Over the weekend I published the latest Packet Pushers show about Software Defined Networking in the Priority Queue feed which focussed on Cisco and how you can implement SDN in an EXISTING network with some of key people from Cisco – PQ Show 015 – Cisco Hybrid Switching and OnePK – Sponsored.
As I was editing the show I realised that the first time we discussed OpenFlow was in May 2011 on Show 40 – Openflow – Upending the Network Industry – a show where we identified that the future of networking was going to change. I can remember clearly during the discussion with Matt Davey from Indiana University being struck by how obvious the idea was. It was obvious to me that once you grasped the technical concepts behind OpenFlow , any decent engineer can perceive the impact on networking. While OpenFlow makes sense, it took another six months before Software Defined Networking became a thing.
The EtherealMind View
In the months ahead, you will be hearing a lot about OpenFlow and Software Defined Networking. That’s because the technology looks most likely to impact networking. I’m coming to the view that MPLS doesn’t work for solving virtual networking in the data centre. I’ve been researching VXLAN and the operational problems of maintaining and securing Bidirectional Source Multicast trees, or even Any Source Multicast trees, is a serious concern. Overlay networks are not free.
And even if OpenFlow doesn’t work out, the Software Defined Networking part if what really excites me. If OpenFlow does one thing by encouraging software tools that replace the CLI for network configuration then we will have really moved the industry forward. The idea of software program that can positively configure my network is just awesome.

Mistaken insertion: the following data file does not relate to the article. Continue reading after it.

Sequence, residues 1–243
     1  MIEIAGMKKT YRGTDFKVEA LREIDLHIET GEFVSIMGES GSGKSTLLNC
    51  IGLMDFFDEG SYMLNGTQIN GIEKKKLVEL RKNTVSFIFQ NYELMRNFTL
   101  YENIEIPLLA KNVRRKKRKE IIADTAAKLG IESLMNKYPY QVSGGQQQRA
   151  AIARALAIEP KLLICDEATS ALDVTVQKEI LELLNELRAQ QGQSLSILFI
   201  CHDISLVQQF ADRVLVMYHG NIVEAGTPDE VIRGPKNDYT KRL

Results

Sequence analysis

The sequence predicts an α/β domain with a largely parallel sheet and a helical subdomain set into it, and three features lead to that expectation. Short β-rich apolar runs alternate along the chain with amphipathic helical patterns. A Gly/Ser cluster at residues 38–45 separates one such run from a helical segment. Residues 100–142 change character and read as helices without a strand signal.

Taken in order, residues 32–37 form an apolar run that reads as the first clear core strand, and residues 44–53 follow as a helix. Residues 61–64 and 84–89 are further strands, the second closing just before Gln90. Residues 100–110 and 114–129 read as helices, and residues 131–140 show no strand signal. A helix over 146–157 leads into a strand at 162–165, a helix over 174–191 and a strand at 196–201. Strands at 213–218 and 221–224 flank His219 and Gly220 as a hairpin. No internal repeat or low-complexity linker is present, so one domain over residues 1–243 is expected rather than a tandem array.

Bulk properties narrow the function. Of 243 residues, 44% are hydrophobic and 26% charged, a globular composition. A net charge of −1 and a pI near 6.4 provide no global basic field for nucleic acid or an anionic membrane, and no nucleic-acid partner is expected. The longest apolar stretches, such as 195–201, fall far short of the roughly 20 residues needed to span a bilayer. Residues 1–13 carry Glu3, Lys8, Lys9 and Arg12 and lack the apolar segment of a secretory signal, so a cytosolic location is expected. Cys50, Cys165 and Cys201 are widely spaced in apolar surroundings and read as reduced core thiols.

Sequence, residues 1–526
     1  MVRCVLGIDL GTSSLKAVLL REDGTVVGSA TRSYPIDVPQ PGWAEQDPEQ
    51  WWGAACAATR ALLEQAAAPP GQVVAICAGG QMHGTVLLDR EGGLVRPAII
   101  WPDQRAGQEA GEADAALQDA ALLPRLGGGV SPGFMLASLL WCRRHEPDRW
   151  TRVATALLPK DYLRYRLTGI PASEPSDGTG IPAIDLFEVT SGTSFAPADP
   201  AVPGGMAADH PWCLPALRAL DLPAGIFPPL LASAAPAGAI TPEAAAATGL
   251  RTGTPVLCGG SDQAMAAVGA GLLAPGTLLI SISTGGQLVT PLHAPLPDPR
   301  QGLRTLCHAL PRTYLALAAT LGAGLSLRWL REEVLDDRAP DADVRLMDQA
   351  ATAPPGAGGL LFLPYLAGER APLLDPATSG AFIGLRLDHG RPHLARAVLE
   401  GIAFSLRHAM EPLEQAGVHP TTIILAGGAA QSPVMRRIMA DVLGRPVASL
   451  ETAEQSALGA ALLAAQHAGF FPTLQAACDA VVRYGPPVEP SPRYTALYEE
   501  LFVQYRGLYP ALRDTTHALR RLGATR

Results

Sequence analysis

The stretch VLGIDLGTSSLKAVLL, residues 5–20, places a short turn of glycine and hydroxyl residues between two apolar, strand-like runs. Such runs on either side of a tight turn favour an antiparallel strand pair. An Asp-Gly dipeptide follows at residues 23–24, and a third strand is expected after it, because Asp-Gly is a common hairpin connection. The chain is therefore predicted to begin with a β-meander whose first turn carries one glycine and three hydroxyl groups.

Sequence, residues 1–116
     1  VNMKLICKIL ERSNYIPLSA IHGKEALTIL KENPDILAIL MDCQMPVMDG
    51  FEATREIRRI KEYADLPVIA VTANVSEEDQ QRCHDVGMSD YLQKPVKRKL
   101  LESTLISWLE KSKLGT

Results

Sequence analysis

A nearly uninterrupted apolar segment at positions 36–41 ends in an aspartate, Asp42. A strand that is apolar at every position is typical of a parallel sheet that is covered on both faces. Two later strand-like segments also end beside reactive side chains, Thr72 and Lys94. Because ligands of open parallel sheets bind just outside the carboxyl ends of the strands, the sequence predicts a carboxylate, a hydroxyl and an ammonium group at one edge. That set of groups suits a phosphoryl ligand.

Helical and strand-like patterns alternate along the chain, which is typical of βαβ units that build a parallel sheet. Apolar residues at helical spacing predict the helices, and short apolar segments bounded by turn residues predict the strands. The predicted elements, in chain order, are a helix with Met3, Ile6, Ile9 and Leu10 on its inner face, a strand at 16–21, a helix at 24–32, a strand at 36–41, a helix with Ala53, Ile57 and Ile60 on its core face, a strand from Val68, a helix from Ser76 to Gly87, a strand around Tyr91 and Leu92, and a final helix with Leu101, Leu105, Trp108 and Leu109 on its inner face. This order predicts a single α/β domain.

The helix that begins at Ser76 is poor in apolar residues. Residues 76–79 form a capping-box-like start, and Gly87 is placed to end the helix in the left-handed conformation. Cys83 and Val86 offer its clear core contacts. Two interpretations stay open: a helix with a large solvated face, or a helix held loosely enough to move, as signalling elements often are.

I imagine a software controller that checks the input against a rule base and rejects incompatible configuration. I want to see a log of all changes made to the network, and who did them. And when. And why!
That’s what we need to move networking forward. We MUST reduce the cost of network operations by using software tools to improve reliability and speed. Configuring networks at the CLI was fun, and even practical for a few hundred devices. But the time for the CLI is over.
We must be able to reliably configure tens of thousands of configuration points across thousands of devices.
We need monitoring APIs to feedback quality data about performance and status.
We must have a future that it’s limited by the CLI. The CLI should be able to enhance the software functionality.
But enough ramblings. Lets look back at the history of OpenFlow at EtherealMind and Packet Pushers.
Practical Introduction of OpenFlow
In October 2011 in Show 68 – Practical Introduction and Application of OpenFlow Networking, I delivered a one hour video presentation, with Martine Casado from Nicira riding shotgun, on the fundamentals of OpenFlow. I wrote the presentation so that an engineer could get an introduction to concepts and technologies.
This was written as preparation for the OpenFlow Symposium that we ran in san Jose in November 2011. If you are looking for an introduction to OpenFlow this is a good place to start.